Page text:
In this article, we’ll look at 10 of the most important business continuity planning steps to follow when creating a new continuity plan.
Having a good continuity plan can make a big difference in an organization’s ability to respond effectively to disasters and business disruptions – so it pays to take the time to get it right.
However, not every business is familiar with the process of business continuity planning, so we’ll break down the most essential actions to take when designing a new plan.
10 Business Continuity Planning Steps to Streamline Productivity
Use these steps – along with a good business continuity plan template – to speed up the creation of a continuity or disaster recovery plan.
1. Assess potential business risks
Business risks can include:
- Natural disaster
- Interruptions to IT services, such as those caused by cyber attacks or hardware failure
- Power outages
- Supply chain disruptions
- Workplace accidents
Any of these can disrupt normal business operations, which is why it is important to assess multiple scenarios and potential risks. Those that pose the greatest threat should be prioritized and continuity plans should be developed that address them.
2. Analyze the impacts that those disruptions would have on the business
Every disruption or disaster will have a different impact on the organization’s ability to operate.
A business impact analysis will predict how each disruption will impact an organization’s operations and finances.
That information, in turn, can be used to establish recovery goals, objectives, and timelines.
3. Outline a series of response plans
A single disruption or disaster may call for several response plans.
For instance, if a fire compromises the workplace, responses may include:
- An emergency response plan, designed to keep workers safe by evacuating them from the worksite
- A crisis communications plan, which will dictate how and when to communicate to different audiences
- An IT disaster recovery plan, aimed at restoring IT functions that were interrupted during the fire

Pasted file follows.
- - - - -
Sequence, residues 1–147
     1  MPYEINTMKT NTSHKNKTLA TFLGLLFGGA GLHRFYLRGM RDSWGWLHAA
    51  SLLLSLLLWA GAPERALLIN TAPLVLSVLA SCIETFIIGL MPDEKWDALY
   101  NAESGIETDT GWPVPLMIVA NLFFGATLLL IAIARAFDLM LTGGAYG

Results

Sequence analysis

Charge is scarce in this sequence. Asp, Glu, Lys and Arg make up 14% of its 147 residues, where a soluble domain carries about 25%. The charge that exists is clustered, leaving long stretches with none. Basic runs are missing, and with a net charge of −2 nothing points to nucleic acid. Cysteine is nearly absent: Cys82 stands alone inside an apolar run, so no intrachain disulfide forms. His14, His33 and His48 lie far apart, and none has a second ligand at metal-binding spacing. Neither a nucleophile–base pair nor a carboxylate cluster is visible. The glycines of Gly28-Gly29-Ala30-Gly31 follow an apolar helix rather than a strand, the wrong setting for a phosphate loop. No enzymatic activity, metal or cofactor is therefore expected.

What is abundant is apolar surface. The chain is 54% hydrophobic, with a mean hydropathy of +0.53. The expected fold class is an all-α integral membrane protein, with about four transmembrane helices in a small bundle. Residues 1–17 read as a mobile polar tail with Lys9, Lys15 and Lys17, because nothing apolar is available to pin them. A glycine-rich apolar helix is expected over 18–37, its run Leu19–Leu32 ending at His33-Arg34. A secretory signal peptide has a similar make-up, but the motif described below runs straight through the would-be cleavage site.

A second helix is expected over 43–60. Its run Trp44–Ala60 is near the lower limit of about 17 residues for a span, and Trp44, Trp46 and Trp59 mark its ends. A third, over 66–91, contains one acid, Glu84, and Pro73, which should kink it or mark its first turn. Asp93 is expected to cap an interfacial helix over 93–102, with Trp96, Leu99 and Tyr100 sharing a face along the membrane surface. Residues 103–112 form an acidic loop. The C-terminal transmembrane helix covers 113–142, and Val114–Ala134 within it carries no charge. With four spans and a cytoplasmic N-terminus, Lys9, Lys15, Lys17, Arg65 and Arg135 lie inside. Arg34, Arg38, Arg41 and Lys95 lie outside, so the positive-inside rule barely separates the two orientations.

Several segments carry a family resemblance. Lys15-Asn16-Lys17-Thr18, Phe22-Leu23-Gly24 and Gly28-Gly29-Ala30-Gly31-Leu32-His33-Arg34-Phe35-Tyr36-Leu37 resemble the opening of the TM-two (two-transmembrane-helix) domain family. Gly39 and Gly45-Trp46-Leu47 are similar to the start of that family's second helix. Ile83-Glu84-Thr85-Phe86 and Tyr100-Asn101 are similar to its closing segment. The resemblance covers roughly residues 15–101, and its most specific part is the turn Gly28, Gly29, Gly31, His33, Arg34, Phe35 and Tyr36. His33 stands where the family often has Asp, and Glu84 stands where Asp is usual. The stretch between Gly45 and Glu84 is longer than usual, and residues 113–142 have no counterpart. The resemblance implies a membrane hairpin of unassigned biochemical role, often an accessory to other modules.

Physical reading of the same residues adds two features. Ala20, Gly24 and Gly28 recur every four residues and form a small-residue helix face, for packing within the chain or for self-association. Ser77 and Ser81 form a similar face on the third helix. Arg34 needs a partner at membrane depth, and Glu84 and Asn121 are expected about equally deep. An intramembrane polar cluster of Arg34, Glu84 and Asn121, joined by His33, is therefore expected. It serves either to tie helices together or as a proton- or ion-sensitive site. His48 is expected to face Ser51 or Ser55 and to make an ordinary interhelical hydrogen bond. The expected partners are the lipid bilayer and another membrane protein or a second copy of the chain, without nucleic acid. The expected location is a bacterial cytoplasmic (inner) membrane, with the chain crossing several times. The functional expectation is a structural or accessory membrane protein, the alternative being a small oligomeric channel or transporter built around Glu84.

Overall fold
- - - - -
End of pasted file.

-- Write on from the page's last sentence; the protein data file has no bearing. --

- A business continuity plan, which would outline activities aimed at maintaining continuous business operations
The aforementioned risk assessments and impact analyses will help when determining exactly how to respond to a given scenario.
4. Create an activation procedure
The actual continuity plan should begin with an activation procedure.
The relevant business continuity team member will begin by contacting the rest of the team, then other relevant parties, such as business leaders, customers, and government agencies.
This will then lead into the subsequent stages of the plan, the most important of which is the protection of key business functions.
5. Define actions required to maintain continuous business operations
To maintain continuous operations, it is important to protect and preserve the most critical business functions.
The most important functions to protect include:
- The customer experience
- Employee productivity
- IT assets and services
If any of these are interrupted, then an organization’s ability to deliver value to its customers will be compromised and losses will mount very quickly.
6. Define restoration and recovery activities
Once the most critical business functions have been protected and maintained, the continuity plan will aim to restore any other functions that have been interrupted.
For example, if an office was damaged by a fire, the organization may choose to relocate its workforce or have them work remotely. These measures can ensure that employees remain productive, but these measures are likely only temporary – it is necessary to restore normal operations as soon as possible.
In some cases, these activities may be carried out in a separate plan, such as an IT disaster recovery plan.
If the procedures are unique to this continuity plan alone, however, it would make the most sense to include them here.
7. Establish training and exercises
A business continuity plan will often involve a unique set of activities that are completely new to those employees who have been assigned to the business continuity team.
Training employees will, on the one hand, ensure that they can execute the plan effectively.
On the other hand, performing drills and exercises allows business continuity managers to actually put the plan to the test. This will help identify potential issues and determine whether the proposed course of action is feasible or not.
8. Assign roles and responsibilities
The business continuity team will be tasked with implementing this plan.
This team will have its own management structure and each team member will be assigned specific duties and responsibilities.
All of the team’s contact details, as well as the team’s management structure, should be included within the plan.
9. Implement and evaluate the program
If the continuity plan is ever implemented, evaluate the plan’s performance after completion.
This performance evaluation can easily be accomplished through status reports, employee surveys, time logs, and any other relevant data sources.
All of that should then be compiled and analyzed to determine what went right and what could use improving.
10. Regularly update the plan
Obsolete information – such as old contact details or old software procedures – can cost valuable time and money if it is not updated before the plan is implemented.
To prevent this type of problem, continuity managers should periodically review and update the plan, then record those changes in the plan’s change log.
Chris is the Lead Author & Editor of Change Blog. Chris established the Change blog to create a source for news and discussion about some of the issues, challenges, news, and ideas relating to Change Management.